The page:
I often get questions about being a “charge nurse” or being a nurse manager on a unit. Many of the nurses who ask this question are concerned about their liability in this role should a patient be injured due to the alleged negligent care of one of the nursing staff. A charge nurse or nurse manager could potentially have some liability should an injury occur, but the liability is different from that of the staff nurse caring for the patient at the time of injury.
Remember that under professional negligence principles, four elements of negligence must be proven for there to be a successful suit: duty, breach of duty, proximate or legal cause, and injury or damages compensable by law. 1 In addition, a nurse’s conduct in a particular situation is measured by the overall standard of care—that is, what other ordinary, reasonable and prudent and nurses would do in the same or similar situation in the same or similar community .2 A third principle to keep in mind is that everyone is responsible for their own behavior, including their own negligent behavior.
A charge nurse or a nurse manager has as one of his or her duties of care the non-negligent supervision of the nursing staff. 3 Negligent supervision might take place when the nurse manager fails to delegate patient care consistent with principles of proper delegation 4, when the nurse manager is present during the provision of patient care and does not intervene to prevent an injury, or when the nurse manager does not regularly evaluate the staff’s nursing care and/or instruct nursing staff regarding patient care, when indicated.
So, a charge nurse or nurse manager’s liability is not a higher form of liability but a different form of liability. This liability is not based on the doctrine of respondeat superior (discussed in an early bulletin) because the nurse manager/charge nurse is not the employer of the staff nurse. Rather, the potential liability exists due to his or her role as the nurse manager.
Do keep in mind that if you as a nurse manager or charge nurse also provide patient care while in the role, and a patient is injured allegedly due to your care of the patient, your potential liability for that care would be yours, just as it would be for a staff member, separate and apart from any duties as a nurse manager or charge nurse .
So, when you are in the role of the nurse manager, you should:
**Remember that your overall duty is to prevent injury to the patient, so
a proactive risk management leadership style is vital;
**In addition to the general orientation a new staff member might receive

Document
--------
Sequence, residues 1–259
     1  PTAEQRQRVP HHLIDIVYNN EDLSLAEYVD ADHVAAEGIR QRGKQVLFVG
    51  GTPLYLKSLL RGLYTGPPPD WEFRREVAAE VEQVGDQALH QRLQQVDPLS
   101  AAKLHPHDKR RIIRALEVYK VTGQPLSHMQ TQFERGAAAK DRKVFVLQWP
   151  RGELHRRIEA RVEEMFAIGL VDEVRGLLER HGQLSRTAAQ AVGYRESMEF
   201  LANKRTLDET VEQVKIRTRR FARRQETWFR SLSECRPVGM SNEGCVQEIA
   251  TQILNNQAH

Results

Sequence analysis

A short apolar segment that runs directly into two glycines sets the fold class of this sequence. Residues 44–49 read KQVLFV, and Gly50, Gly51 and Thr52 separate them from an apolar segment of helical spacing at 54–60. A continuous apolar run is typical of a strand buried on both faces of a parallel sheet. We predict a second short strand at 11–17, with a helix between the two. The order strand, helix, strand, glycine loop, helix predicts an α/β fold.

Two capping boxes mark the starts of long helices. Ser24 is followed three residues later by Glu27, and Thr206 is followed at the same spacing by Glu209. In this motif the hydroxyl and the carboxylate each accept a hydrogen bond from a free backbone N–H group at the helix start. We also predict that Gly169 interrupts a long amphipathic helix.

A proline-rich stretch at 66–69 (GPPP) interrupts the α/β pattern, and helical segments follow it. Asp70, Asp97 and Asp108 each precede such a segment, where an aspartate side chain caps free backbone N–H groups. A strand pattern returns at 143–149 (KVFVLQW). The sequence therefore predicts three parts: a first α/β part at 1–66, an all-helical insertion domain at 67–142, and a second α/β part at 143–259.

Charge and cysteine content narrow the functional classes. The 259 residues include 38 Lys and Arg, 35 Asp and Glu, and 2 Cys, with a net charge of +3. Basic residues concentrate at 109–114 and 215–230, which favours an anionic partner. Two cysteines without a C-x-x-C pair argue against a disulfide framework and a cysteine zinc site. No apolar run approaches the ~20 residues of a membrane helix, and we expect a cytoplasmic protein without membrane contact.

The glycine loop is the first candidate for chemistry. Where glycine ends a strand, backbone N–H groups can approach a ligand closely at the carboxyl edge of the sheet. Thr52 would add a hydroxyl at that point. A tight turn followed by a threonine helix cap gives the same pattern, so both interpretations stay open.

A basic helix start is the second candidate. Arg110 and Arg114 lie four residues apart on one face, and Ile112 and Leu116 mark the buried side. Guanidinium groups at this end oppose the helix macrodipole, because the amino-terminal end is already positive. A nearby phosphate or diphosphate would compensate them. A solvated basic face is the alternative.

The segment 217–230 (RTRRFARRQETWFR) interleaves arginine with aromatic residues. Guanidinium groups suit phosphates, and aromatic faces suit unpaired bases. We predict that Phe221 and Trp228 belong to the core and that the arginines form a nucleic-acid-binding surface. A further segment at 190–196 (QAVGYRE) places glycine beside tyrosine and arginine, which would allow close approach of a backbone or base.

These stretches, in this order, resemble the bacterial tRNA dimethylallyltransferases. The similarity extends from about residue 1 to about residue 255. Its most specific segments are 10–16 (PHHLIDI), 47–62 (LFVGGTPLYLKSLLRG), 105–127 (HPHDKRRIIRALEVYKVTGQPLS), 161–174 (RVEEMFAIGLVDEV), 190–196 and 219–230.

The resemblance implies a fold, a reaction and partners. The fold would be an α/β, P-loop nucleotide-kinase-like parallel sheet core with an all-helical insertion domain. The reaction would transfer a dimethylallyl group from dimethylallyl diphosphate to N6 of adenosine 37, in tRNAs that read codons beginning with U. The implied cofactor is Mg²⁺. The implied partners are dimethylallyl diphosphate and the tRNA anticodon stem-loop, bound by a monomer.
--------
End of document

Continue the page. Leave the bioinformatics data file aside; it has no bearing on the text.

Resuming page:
from the facility, be certain to orient the staff member to your unit;
**Your supervision must be constant, active and consistent with a nurse
manager’s standard of care and standard of practice;
**Along with the policy and procedure committee, help develop and implement
patient care policies and procedures consistent with standards of practice;
**Establish open lines of communication with all nursing staff;
**Respond to patient family concerns quickly and compassionately;
**If you provide care for patients while also performing the charge nurse/nurse
manager role, provide that care in a non-negligent way; and
**Continue with your own professional development through attendance at
seminars, participate in continuing education courses, obtain additional degrees
and/or certification, and establish networking contacts with other nurse
managers for personal and professional support.
- Bryan A. Garner (ed). 2004. Black’s Law Dictionary. 8th Edition. St. Paul, MN:
- Robert John Kane, Ross Silverman and others (2007). The Law Of Medical Practice In Illinois. Volume 2. 8th Edition. Eagan, MN: Thomson West, 19-20 (with regular updates).
- Nurse Manager Website. “Documentation: Legal Risks For Nurse Managers”. (August 1, 2007). Accessed August 17, 2013 at http://hcpro.com/HOM-75287-5627/Documentation-Legal-risks-for-nurse-managers.html . (The article also discusses additional areas of nurse manager liability in addition to negligent supervision).
Nancy J. Brent (2001). “The Nurse As Administrator”, in Nurses And The Law: A Guide To Principles And Applications. 2nd Edition. Philadelphia: W. B. Saunders, 384-388.
This Bulletin is for educational purposes only and is not to be taken as specific legal or any other advice by the reader. If legal or other advice is needed, the reader is encouraged to seek advice from a competent professional.